Then when there is no singing, put some music in there, put something – a riff or something happening. And my singer Dave has been kind of jokingly… well, seriously not happy with me because he has to play guitar and sing live. So I’m writing some really difficult guitar parts behind the singing, and he keeps really… He’s been joking for a few years, but now he’s actually getting pretty angry about that. Because we have to play these three songs on our next tour. We have just discussed this last week in South America. And he got angry saying, “There is no fucking way I’m gonna play that song because there is no fucking way I can play and sing that! You sing it!” You know what I mean? I’m like, “I get it. Just simplify the guitar part.” And he says, “I’m not gonna cheat! I’m gonna look like an idiot if I can’t play your guitar riffs!” So definitely I’ve been for the last three albums challenging myself on this.
And you know, about six years ago I heard some Scandinavian bands. I won’t mention them, but just a bunch of Scandinavian bands. Younger kinds in their 20s. And I’m like, “Ho-o-oly crap, are these guys going fast, can they pick!” I thought I was a good guitar picker, like up there with the Mustaines and Jon Schaffer of Iced Earth… And I thought, “OK, I can do that stuff.” And then you hear some of these kids coming up, technical kind of players with their picking hand going insane. The starting and stopping. It makes Slayer and Annihilator look just like amateurs. However, Slayer started that kind of stuff. But some of these bands of the last five-six years are just ridiculous.

AO: Technique-wise yes, but it does tend to sound pretty mechanistic at some point.

JW: Yeah, for sure!

AO: And the groove is something that many Europeans find very difficult to get to grips with.

JW: Meshuggah is a good example where me and my singer Dave have different opinions.

AO: Meshuggah and Gojira.

JW: Gojira too. My singer Dave Padden absolutely is the most insane fan for Gojira and Meshuggah. Because of the ability of all these guys to start and stop. Dave tries to show me some of this stuff, and I’m like, “Poof!” I can’t do it because I’m more into Malcolm Young than the technical stuff. I’m more into Kerry King being sloppy and playing fast. Or Hetfield… More old-school, I guess. And like, for example, we were talking earlier about Malmsteen, or Satriani, or Vai. I could watch one of their videos or hear one of their songs and my mind just…

AO: Boggles?

JW: Goes crazy, because how in the hell do they do that AND move on stage at the same time? Technically it’s the most amazing thing for me. But I would rather hear the songwriting of Kerry King, Hetfield, Malcolm Young, Rudolf Schenker, Matthias Jabs of the Scorpions… I’d rather hear three chords and a song than the amazing technical stuff of those guys I’ve mentioned. But that said, you can’t even touch what Steve Vai does. I mean, he’s taken the Van Halen thing… See, the difference there is that Van Halen was the triple threat. He was the first real… You know, there was Page, there was Hendrix, there were those guys, but if you were around in the late Seventies, the entire world was changed by Eddie Van Halen. Absolutely. Clapton didn’t do it, Page didn’t do it, Hendrix… They were influential, but… Eddie Van Halen changed everything. Drummers, piano teachers, everybody in the world was just waiting for the next Van Halen albums to come out. The difference was that there was no Internet in those days to see how big that was for kids these days to remember. Van Halen was master songwriter, innovator, soloist. Squeals, noises, technique, just crazy innovative stuff. And his rhythm guitar playing and chording was second to none. So he was to me the best ever guitar player in history because he could all those three things perfectly. So on someone like Vai I would say he is in a category of innovators, ground-breaking lead guitarist, showman, all that stuff. But I would argue the songwriting – unless you are into that kind of stuff – the songwriting… it’s not the three things that Van Halen would have. It’s not a slam on him or anything, it’s just my preference.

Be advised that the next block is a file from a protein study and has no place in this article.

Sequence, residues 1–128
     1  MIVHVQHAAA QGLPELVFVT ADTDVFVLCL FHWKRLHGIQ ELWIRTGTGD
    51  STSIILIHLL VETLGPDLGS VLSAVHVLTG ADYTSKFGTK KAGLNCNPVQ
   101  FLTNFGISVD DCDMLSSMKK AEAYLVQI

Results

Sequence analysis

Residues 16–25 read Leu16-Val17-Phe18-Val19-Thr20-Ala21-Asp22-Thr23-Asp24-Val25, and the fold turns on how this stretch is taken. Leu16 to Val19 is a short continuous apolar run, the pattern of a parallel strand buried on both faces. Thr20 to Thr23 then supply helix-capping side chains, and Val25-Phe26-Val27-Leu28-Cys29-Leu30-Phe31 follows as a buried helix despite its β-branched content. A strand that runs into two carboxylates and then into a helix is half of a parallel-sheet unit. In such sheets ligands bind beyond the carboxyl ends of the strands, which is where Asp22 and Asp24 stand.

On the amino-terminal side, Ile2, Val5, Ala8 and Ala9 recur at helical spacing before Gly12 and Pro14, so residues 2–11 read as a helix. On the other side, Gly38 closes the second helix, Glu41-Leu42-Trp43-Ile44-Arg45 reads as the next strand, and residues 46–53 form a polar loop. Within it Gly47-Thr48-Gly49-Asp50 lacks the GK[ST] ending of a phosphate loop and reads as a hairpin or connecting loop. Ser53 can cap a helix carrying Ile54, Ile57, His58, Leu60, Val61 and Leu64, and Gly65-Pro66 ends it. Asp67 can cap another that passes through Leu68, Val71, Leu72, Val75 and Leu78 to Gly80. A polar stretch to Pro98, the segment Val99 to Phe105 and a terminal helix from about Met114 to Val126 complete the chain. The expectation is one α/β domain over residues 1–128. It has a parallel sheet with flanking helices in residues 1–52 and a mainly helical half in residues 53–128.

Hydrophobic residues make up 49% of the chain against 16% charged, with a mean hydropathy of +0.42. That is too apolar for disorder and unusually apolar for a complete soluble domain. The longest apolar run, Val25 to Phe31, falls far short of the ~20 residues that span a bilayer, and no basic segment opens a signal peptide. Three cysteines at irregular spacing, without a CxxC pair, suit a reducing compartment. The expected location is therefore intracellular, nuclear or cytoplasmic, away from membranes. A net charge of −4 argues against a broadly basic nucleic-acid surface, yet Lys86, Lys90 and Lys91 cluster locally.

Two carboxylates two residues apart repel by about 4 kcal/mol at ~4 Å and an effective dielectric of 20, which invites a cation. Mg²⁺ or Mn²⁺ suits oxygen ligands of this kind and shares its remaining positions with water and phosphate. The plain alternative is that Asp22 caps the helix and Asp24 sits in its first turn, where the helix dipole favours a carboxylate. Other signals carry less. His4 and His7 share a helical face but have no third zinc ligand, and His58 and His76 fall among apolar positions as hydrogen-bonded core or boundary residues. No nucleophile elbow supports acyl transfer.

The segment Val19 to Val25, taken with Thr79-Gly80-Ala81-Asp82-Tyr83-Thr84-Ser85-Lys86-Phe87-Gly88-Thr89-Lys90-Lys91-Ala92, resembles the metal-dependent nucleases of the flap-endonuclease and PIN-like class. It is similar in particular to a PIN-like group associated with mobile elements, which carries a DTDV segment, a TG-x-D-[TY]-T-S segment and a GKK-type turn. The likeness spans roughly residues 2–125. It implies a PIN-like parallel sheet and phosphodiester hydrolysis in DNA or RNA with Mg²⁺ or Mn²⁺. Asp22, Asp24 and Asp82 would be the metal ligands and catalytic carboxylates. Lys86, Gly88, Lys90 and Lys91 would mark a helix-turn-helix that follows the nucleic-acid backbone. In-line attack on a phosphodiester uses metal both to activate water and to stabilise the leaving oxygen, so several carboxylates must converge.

AO: Guitar World magazine recently did a poll among its readers, and Van Halen came up number one.

JW: Good! Something right happened. Good. Something just. That’s good because if not Van Halen, who would be first?

AO: Hendrix?

JW: Page, Hendrix, right, for sure. But I don’t agree with that.

AO: [Laughter.] How much of your soloing is improvised on this record?

JW: We’ve got 14 studio records, and if I look at this, everything was meticulously planned for the first six albums. And from then on it became slow slide into “just roll the tape and do the solo.”

AO: Cool!

JW: It’s good and bad. It’s good because you get a feel and you can’t recreate it. Even live, I’m like, “Oh geez, how do I play that now? I should have video-taped myself doing the take.” The structured way of the early days was what got me known to a lot of press and fans. The soloing was a cross between the Slayer guys, and Kirk Hammett, and the Iron Maiden guys, and Priest. But now it just got to the point where I don’t do that – go bar by bar and write a solo. I just run the tape and play. So it has its good and bad sides. The good thing is that if I can’t figure out what I did, it’s going to be even harder for guitar players to figure it out, right? [Smiles.]

AO: [Laughter.] But songwriting-wise you never shied away from introducing different genres into metal. Pulling in funk, for example, as you do on “No Surrender” on the new album.

JW: Yep!

AO: There is a great funky intro to that track.